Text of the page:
Among students ages 12-18 who reported being bullied at school during the school year, 15 person were bullied online or by text. An estimated 14.9 percent of high school students were electronically bullied in the 12 months prior to a 2019 survey by the National Center for Education Statistics and Bureau of Justice.
On March 11, 2021, Pollock Pines teen Delilah Rae Cannon, age 12, died after taking a fatal dose of prescription antipsychotic medicine that was not hers while visiting her mother in Southern California. Her father Mike has brought her death by suicide and what lead her to do it to the public eye so other families will not have to also bury their child under the same circumstances. He said Delilah first went to school in Placerville where she was bullied. The family moved to Pollock Pines and she changed schools but the cyber bullying continued. She was then switched to Pleasant Valley Middle School and changed her phone number and other contact information since the bullying continued yet again.
Mike said Delilah did suffer from mental illness and was not happy with her appearance, cutting and coloring her hair often. She sought acceptance online but instead was ridiculed and made fun of, according to Mike Cannon.
“Police doesn’t monitor specific social media platforms, we just try to get the word out on what to do and how to act responsibly on social media,” said Officer Nixon.
Nixon said a lot of his time, and the time of the school administrators, is spent on bullying situations.
“Many kids who have been bullied rise above it,” said Nixon. “I want to reach those affected by believing what the bullies say.”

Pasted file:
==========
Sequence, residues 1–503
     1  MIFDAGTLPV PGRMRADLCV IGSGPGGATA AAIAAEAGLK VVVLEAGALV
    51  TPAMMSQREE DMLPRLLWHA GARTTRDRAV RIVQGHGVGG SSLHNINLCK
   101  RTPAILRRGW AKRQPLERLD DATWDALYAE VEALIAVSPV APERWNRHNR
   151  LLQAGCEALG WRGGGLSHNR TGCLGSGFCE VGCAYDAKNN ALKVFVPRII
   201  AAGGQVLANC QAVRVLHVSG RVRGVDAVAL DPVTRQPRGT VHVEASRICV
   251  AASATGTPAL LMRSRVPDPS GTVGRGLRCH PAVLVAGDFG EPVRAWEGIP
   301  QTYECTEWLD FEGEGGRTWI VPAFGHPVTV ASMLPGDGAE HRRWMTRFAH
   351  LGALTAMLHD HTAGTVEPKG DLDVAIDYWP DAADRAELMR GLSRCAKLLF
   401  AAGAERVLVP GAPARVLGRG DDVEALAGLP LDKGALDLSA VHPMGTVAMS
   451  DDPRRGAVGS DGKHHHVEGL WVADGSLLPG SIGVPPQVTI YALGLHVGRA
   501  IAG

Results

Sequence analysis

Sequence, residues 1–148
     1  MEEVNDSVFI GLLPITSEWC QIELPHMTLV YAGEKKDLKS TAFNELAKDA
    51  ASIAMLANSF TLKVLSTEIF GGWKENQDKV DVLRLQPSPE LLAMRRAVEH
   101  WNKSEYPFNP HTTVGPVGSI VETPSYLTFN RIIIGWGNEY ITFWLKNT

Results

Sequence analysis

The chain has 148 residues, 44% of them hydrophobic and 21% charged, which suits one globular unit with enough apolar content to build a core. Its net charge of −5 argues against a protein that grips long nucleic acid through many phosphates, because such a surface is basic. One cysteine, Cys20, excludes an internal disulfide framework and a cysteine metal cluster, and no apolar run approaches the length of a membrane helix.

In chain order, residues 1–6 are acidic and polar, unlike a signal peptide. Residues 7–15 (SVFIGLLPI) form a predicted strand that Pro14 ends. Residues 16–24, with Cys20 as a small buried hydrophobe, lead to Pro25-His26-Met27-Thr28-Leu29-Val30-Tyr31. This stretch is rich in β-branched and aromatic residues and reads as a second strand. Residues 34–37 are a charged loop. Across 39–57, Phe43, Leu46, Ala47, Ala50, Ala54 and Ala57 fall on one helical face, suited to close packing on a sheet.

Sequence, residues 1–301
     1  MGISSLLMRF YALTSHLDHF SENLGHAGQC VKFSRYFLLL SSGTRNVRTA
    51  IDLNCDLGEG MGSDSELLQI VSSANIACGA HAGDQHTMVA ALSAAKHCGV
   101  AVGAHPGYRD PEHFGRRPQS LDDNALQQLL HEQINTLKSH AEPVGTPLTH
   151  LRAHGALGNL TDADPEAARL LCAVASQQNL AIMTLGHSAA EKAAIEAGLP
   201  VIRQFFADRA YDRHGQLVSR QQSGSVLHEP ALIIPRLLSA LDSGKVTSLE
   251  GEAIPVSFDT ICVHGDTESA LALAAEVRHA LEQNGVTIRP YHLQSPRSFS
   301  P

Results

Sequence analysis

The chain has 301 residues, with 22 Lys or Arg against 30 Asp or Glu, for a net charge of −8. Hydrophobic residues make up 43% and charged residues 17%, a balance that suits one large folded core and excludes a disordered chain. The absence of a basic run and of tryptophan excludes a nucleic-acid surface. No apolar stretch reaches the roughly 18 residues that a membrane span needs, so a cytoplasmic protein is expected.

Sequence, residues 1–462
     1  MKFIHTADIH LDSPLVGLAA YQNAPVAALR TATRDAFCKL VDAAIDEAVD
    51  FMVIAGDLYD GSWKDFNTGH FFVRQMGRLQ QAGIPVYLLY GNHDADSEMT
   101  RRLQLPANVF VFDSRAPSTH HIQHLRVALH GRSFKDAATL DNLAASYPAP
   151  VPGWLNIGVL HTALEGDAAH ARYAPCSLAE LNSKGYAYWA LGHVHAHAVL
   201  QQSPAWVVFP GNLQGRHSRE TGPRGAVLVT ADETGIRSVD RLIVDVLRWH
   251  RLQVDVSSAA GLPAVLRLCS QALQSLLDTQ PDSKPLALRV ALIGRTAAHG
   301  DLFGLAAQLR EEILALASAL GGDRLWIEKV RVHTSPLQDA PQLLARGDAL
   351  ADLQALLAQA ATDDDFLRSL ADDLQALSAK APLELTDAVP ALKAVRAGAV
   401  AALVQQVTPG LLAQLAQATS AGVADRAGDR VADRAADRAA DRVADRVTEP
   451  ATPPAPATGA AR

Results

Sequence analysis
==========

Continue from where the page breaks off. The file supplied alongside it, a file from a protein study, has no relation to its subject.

This story will be continued Tuesday as well look into what Digital Drama/cyber bullying can do.
This week’s schedule (follow on the SLTPD Facebook page also):
4/12: What is digital drama/cyber bullying? – Consequences for suspects and victims of bullying, will touch on the recent teen suicide in Pollock Pines.
4/13: For victims of #DigitalDrama – Steps to take if you are a victim (block people, delete accounts, etc). Who you can talk to. Worry about your friends, not your followers.
4/14: For suspects: Examples of things you’re doing that you may not think are bullying. How teasing people about food/weight/eating habits can lead to eating disorders. Making fun of clothing (underprivileged kids, never know what’s going on at home). Screenshots can be doctored and shared. Never send anything you wouldn’t want your parents to see.
4/15: For parents: Ways to monitor your kids social media activity. Have scheduled family time to hear out your kids, even if they’re talking about things you don’t like or are hard to hear. Open communication with kids. Secret texting apps to look for. Link to studies for how screen-time can affect young minds.
4/16: Child Porn/Sexting: Child trafficking. South Carolina kidnapping done via social media.
4/17: Resources: Recap of the week, share all of our resources on keeping kids safe.